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January 9, 2012

Working Wood in the 18th Century Conference Fabricates the Very First Family’s Fine Furniture

The Colonial Williamsburg Foundation partners with George Washington’s Mount Vernon and Fine Woodworking magazine to present the 14th annual Working Wood in the 18th Century conference in duplicate sessions Jan. 22-25 and 26-29. Space is still available in the Jan. 22-25 session.

Presented in the Hennage Auditorium of Colonial Williamsburg’s the DeWitt Wallace Decorative Arts Museum, “Working Wood in the 18th Century: Furniture of George and Martha Washington” explores, with the guidance of curators and restoration staff, Mount Vernon — Washington’s home — and the furniture acquired for it.

Colonial Williamsburg cabinetmakers from the Historic Area’s Anthony Hay Shop will demonstrate the reproduction of two pieces from Mount Vernon today:

  • a lady’s knee-hole bureau table made in Williamsburg at the Peter Scott shop, sold to Daniel Parke Custis, Martha Washington’s first husband, in 1754, and brought by Martha to Mount Vernon after she married Washington in 1759, and
  • an elaborate sculptural candle stand, or torchère, that George Washington purchased for £ 3.10 on December 2, 1759, from the Scottish cabinetmaker James Allan who was then working in Fredericksburg.

    Guest cabinetmakers will lead the program into the Federal period. Berryville’s Jeff Headley and Steve Hamilton of Mack S. Headley and Sons will reproduce one of the Washingtons’ dining chairs made by John Aitken of Philadelphia in 1797. Dan Faia of Boston’s North Bennet Street School will construct a delicate inlaid Pembroke, or breakfast, table.

    Colonial Williamsburg’s joiners will demonstrate sash construction by reproducing the famous bull’s-eye window in the pediment of the mansion at Mount Vernon.
    In addition, other presenters during “Working Wood in the 18th Century: Furniture of George and Martha Washington” include:

  • Mack Headley, Colonial Williamsburg master cabinetmaker, Anthony Hay Shop;
  • Kaare Loftheim, Colonial Williamsburg journeyman cabinetmaker, Anthony Hay Shop;
  • David Salisbury, Colonial Williamsburg journeyman cabinetmaker and joiner;
  • Ed Wright, Colonial Williamsburg journeyman musical instrument maker;
  • Ted Boscana, Colonial Williamsburg journeyman joiner and carpenter;
  • Dennis J. Pogue, vice president of preservation, George Washington’s Mount Vernon Estate, Museum & Gardens;
  • Laura B. Simo, associate curator, George Washington’s Mount Vernon Estate, Museum & Gardens; and
  • Susan P. Schoelwer, curator, George Washington’s Mount Vernon Estate, Museum & Gardens.

    The Working Wood in the 18th Century conference is informal and participants’ comments and questions are welcomed. During program breaks, speakers display their work, tools and materials; demonstrate techniques; and chat with participants. To accommodate anticipated attendance while keeping the conferences small enough for everyone to be involved, two identical programs are offered.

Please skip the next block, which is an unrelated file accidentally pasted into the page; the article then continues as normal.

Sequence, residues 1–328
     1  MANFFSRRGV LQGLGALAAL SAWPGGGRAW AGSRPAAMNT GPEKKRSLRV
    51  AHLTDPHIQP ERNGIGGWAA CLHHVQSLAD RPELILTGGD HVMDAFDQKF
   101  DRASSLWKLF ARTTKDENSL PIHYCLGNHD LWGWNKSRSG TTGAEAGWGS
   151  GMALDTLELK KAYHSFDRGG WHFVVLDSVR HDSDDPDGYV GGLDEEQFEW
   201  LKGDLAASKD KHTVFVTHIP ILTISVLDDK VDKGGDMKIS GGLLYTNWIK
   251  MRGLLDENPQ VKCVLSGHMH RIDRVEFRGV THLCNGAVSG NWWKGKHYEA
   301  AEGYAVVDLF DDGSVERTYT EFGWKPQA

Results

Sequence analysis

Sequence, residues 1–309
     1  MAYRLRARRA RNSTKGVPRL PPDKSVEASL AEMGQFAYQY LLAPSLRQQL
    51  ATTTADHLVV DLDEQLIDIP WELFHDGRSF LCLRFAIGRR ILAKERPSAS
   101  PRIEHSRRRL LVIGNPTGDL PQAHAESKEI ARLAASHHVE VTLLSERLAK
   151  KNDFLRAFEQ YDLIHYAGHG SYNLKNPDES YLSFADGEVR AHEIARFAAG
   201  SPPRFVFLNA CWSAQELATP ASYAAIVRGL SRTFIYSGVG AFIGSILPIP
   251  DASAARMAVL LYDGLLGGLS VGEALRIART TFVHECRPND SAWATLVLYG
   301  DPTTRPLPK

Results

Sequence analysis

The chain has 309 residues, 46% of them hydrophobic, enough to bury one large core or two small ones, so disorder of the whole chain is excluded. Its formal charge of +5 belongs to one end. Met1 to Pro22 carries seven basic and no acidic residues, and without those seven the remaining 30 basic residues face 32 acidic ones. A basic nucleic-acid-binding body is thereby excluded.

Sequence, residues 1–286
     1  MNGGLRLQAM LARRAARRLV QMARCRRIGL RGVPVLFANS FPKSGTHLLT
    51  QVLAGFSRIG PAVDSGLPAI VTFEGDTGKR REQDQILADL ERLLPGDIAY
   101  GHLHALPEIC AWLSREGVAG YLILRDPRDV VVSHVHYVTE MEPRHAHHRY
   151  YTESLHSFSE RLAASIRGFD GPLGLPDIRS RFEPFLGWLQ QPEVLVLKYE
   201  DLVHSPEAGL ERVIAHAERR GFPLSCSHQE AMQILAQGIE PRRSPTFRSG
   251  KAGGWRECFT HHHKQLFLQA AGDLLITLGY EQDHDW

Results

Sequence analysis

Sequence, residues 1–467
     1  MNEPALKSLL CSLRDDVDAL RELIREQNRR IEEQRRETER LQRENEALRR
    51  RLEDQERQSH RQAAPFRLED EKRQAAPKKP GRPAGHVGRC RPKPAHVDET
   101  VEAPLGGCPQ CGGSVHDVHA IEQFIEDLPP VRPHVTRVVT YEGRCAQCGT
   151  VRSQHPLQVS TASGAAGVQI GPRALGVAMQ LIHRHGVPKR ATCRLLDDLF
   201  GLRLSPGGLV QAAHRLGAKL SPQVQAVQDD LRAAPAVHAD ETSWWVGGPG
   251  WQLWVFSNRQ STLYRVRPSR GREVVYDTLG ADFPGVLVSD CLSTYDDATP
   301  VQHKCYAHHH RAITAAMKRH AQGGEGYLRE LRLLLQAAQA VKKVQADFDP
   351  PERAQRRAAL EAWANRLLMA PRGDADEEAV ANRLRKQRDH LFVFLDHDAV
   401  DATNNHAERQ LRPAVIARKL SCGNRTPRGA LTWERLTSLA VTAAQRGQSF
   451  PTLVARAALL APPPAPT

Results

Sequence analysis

Along with the conference in Williamsburg, Mount Vernon will offer special-interest mansion, museum and behind-the-scenes tours for conference participants on Jan. 26 and 30. For more information about the pieces that will be fabricated during the conference, visit the Mount Vernon website at

    Advance registration and payment is required. Registration fee of $325 includes all conference sessions, an opening reception, three continental breakfasts, five breaks, a group reception and banquet and a Colonial Williamsburg admission pass valid for the duration of the conference. Programs for companions are available for a nominal fee. The special interest Mount Vernon tours incur a charge of $75. Special lodging rates for conference participants are available at the Williamsburg Inn, Williamsburg Lodge and the Colonial Houses—Historic Lodging. For more information, telephone toll-free 1-800-603-0948 or visit the website

    The Colonial Williamsburg Foundation is the not-for-profit educational and cultural organization dedicated to the preservation, interpretation and presentation of the restored 18th-century Revolutionary capital of Virginia. This town-sized living history museum tells the inspirational stories of our journey to become Americans through programs in the Historic Area and through the award-winning Revolutionary City program. Explore The Art Museums of Colonial Williamsburg and discover the DeWitt Wallace Decorative Arts Museum featuring the best in British and American decorative arts from 1670 – 1830 and the Abby Aldrich Rockefeller Folk Art Museum home to the nation’s premier collection of American folk art, comprising more than 5,000 folk art objects made during the 18th, 19th, 20th and 21st centuries. Colonial Williamsburg Hotels feature conference spaces and recreation activities from spa and fine dining to world-class golf. Colonial Williamsburg is committed to expanding its thought-provoking programming through education outreach on-site and online. Purchase of Colonial Williamsburg products and services supports the preservation, research and educational programs of the Foundation. Philanthropic support by individuals, corporations, and foundations benefits the educational mission of The Colonial Williamsburg Foundation.

    Williamsburg is located in Virginia’s Tidewater region, 20 minutes from Newport News, within an hour’s drive of Richmond and Norfolk, and 150 miles south of Washington, D.C. For more information about Colonial Williamsburg, call 1-800-HISTORY or visit Colonial Williamsburg’s website at

    Media Contact:
    Jim Bradley
    (757) 220-7281

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